If you’ve been reading the news lately here in Michigan, you’ve probably noticed that civil forfeiture is back in the limelight. Specifically, Michigan’s new civil forfeiture laws. Since this is such a heatedly debated subject, people feel very strongly about the new proposed changes that have been introduced. Yet, despite all the controversy, what is often missing is a complete understanding of the issue at hand. So we’d like to take a minute and break it down for you.
So what exactly would change about the forfeiture law in Michigan?
If the new legislation was signed into law, police would have a harder time keeping property that had been seized in drug-related investigations. Specifically, forfeiture of property valued at less than $50,000 that is taken in drug cases would be prohibited unless the defendant is convicted, deported, or chooses to relinquish ownership.
The aim here is to keep law enforcement from being able to seize assets, like money, cars and other property, unless the person they took it from is convicted of a crime. The State House of Representatives voted 83 to 26 on the bill earlier this month, and it’s now headed to the Senate
What’s wrong with Michigan’s current civil asset forfeiture laws?
The idea behind civil asset forfeiture is to punish criminals by taking away their belongings, in particular, belongings that were purchased using “dirty money.” On the flip side of that coin, civil asset forfeiture is supposed to help and support law enforcement agencies in their work, by providing them with a legitimate revenue stream. But this only works when it’s done properly. The problem has been that in Michigan, it is often not done correctly. Overreaching police departments and zealous prosecutors have grabbed assets from Michigan citizens for year, even when they are not connected to “dirty money.” The criminal defense attorneys at The Kronzek Firm have been fighting and negotiating these seizures for decades.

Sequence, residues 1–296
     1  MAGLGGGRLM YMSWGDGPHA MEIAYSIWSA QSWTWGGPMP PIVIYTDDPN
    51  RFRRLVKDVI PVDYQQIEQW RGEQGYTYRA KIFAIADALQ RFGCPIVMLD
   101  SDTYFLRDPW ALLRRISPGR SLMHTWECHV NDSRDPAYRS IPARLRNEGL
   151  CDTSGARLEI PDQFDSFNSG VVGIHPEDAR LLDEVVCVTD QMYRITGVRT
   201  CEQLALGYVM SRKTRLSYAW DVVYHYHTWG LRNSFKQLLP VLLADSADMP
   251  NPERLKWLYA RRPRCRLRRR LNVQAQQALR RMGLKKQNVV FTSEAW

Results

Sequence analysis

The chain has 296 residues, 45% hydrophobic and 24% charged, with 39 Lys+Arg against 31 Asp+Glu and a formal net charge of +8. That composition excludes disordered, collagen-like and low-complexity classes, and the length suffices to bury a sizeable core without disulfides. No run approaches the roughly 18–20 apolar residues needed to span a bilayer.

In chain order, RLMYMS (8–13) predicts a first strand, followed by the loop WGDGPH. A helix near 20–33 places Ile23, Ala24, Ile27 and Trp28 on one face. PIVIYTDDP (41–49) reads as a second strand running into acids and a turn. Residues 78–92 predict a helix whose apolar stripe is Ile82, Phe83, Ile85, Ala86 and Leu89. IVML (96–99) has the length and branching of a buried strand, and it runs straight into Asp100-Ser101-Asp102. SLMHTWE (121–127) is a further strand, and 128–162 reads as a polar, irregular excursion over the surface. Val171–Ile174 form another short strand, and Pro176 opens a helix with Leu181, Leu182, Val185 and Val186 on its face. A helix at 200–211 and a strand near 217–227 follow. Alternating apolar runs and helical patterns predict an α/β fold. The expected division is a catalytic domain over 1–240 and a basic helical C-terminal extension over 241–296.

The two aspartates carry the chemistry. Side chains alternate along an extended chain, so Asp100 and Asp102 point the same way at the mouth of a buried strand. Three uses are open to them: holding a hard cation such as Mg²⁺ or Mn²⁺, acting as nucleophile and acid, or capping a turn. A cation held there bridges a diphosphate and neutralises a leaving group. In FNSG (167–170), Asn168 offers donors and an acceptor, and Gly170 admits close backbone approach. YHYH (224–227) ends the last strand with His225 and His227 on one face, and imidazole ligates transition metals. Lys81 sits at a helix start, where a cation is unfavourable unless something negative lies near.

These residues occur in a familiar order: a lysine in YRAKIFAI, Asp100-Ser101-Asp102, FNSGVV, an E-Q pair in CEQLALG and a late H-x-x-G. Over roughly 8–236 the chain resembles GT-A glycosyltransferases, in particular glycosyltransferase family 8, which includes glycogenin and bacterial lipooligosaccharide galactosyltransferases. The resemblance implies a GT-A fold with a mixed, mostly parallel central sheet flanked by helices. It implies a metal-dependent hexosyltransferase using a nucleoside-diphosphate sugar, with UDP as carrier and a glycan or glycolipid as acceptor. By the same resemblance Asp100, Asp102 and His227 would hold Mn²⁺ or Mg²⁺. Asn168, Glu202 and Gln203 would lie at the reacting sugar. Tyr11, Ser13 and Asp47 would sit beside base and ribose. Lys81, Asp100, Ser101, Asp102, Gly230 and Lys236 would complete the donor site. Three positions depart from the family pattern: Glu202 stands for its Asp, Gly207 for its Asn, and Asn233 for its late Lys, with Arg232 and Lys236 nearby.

When the people being punished, whose assets are being taken by law enforcement are not criminals, the entire system stops working. After all, if cops can take innocent people’s things without permission, and never give them back, that’s pretty much no better than stealing. And yet that’s what’s been happening in Michigan for a very long time.
Why would laws like this make Michigan safer?
In 2015, Michigan changed our civil asset forfeiture laws, requiring law enforcement agencies to make detailed reports to the Michigan State Police for every asset they confiscate from anyone involved in a criminal investigation. The state also raised the standard for civil forfeiture to one of clear and convincing evidence of some connection to criminal activity.
However, in 2016, which is the last year we have statistics available for, law enforcement agencies across the state did forfeiture claims on the assets of 523 Michigan residents, none of whom were ever charged with the crime that the forfeiture was authorized for. Another 196 residents had their assets forfeited, despite the fact that they were later found innocent. This is a pretty good indicator that the system is broken, and in need of serious attention!
Michigan still has a long way to go before we get it right!
If you or a loved one have had your property seized or your rights violated by law enforcement, whether it was an illegal search and seizure or an improperly handled arrest, contact us immediately at 866 766 5245 (866 7No Jail).
The skilled defense attorneys at The Kronzek Firm have many years of experience battling abuses by police officers and prosecutors, and violations of your Constitutional rights. We will fight aggressively to protect your rights, and to ensure that you are treated fairly and with dignity. An attorney is standing by to discuss your case with you at any hour, day or night.